I put my money, exactly where my mouth is.
That is why immediately after expressing my disgust for the high fees on Ethereum in a Publish0x post, I switched to BSC 100%.
In this post, I will further expound on why it’s no longer profitable for me to continue using Ethereum, for decentralized trading and yield farming.
And why the Binance Smart Chain (BSC) was a better choice by all standards.
The problems with Ethereum
- High gas fees
- Scalability issues
- Low transaction throughput
- Unlimited supply
But for me, the only issue was the fees.
The others are inconsequential to me, as they’re being worked on.
My continued use of Ethereum DEXs and farming was no longer making any economic sense.
And that’s the only problem I’m going to talk about in this post.
Fees, fees, and more fees
Most cryptocurrencies are NOT free to send from one wallet to another.
This is normal. As the transaction fees are used to pay miners and validators for securing the network.
When the network is normal, these fees are usually in cents or a dollar and a few cents.
However, during peak periods, the fees can fluctuate significantly.
And one will be required to pay higher fees to get faster transaction confirmations.
Again this is somewhat standard among all cryptocurrencies.
But the worst offenders are Ethereum and big daddy Bitcoin.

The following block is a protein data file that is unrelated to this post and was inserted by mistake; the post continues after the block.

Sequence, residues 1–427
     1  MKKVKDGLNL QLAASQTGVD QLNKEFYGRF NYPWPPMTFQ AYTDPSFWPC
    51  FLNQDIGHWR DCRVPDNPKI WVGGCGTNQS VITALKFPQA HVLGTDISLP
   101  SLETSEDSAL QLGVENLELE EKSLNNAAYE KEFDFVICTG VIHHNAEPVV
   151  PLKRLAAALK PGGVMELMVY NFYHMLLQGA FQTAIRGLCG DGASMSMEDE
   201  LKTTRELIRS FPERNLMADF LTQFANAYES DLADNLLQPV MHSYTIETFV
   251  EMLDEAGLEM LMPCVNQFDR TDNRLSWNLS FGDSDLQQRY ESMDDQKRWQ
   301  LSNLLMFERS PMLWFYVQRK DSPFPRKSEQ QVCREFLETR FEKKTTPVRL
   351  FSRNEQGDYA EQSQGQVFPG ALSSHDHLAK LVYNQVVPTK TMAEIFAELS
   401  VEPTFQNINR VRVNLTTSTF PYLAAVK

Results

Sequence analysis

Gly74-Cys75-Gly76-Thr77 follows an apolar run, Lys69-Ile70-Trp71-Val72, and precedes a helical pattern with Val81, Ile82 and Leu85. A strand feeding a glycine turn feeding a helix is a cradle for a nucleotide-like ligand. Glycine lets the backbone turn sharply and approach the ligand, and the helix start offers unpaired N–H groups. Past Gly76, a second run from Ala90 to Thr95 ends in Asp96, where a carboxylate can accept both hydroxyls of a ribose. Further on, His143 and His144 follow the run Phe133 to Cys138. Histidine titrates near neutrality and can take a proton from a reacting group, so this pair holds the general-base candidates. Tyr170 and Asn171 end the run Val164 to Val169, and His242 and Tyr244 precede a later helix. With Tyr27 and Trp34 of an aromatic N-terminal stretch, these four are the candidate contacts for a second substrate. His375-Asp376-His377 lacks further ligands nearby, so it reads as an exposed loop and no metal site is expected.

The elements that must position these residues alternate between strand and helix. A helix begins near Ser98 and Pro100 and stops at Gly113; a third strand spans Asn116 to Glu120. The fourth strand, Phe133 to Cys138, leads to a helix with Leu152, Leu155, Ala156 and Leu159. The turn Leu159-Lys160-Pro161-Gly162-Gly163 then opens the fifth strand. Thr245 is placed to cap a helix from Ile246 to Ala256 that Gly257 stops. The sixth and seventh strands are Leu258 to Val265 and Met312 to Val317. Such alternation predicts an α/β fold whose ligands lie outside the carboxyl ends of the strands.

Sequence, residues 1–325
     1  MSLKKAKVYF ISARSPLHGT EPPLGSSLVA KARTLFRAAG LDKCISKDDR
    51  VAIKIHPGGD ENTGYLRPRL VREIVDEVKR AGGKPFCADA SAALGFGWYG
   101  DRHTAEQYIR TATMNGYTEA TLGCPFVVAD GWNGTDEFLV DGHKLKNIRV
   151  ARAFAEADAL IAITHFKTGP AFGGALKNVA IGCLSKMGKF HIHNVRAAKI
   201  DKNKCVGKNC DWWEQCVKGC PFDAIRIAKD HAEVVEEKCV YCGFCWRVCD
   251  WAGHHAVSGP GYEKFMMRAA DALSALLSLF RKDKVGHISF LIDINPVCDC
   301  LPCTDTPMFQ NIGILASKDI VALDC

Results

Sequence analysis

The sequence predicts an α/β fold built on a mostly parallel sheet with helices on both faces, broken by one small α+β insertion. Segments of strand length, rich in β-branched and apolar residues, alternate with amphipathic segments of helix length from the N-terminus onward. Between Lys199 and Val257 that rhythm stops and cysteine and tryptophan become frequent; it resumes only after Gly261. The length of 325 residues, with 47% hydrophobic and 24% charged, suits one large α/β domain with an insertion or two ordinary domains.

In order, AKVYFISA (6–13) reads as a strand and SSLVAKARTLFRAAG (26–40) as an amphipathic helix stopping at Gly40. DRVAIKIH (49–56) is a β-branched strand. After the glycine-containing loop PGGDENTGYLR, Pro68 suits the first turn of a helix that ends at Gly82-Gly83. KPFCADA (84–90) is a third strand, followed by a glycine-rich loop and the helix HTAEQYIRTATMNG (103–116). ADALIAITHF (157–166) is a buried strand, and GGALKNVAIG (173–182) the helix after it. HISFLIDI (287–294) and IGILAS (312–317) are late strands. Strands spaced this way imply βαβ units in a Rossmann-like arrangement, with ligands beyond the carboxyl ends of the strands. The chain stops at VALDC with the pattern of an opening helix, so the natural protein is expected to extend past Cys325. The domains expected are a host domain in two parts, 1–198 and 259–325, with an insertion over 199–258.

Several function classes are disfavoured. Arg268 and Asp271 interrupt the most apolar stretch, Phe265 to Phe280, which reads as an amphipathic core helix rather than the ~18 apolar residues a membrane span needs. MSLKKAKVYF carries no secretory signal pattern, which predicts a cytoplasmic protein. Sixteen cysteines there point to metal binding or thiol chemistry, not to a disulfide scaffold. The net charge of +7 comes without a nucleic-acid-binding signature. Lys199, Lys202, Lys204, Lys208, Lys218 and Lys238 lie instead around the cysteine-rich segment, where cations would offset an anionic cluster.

Since the beginning of 2020, Ethereum has benched even Bitcoin in transaction fees.
And this robbery they call fee has not just been sustained but keeps getting crazier.
Interacting with Ethereum DEXs and smart contracts
This is where things start getting very shitty.
The fees charged for transacting on DEXs are 3 to 4 times the normal wallet to wallet transaction fees.
It doesn’t stop there.
It takes several steps to place a trade on decentralized exchanges.
Each of these steps costs fees.
And each of these fees is higher than a normal wallet-to-wallet transaction fee.
- You pay a special fee if you’re trading a particular token for the first time on the exchange.
- And another transaction fee to swap tokens on the exchange.
- You also pay a fee to add liquidity on the exchange.
- And yet another fee to remove the liquidity from the exchange.
Illustration of the different fees on decentralized exchanges
To put these fees in perspective, let me illustrate with an example.
Wallet to wallet transaction fees
You moved $2500 worth of Ethereum into your Ethereum wallet.
You’re charged between $1 to $5 for this transaction depending on where you’re moving it from.
During high network usage, this amount could be much higher.
Your goal is to provide liquidity in a pool.
Grab your liquidity provider (LP) token and use it to farm another token on a different platform.
This is where it starts getting too interesting.
Verification and exchange fees
Your $2500 needs to be split into two equal half between Ethereum and the other token you want to provide liquidity for.
So you place a buy order for the other token.
But before you can buy that token you need to verify it.
This, of course, costs a small fee of maybe $2 to $4.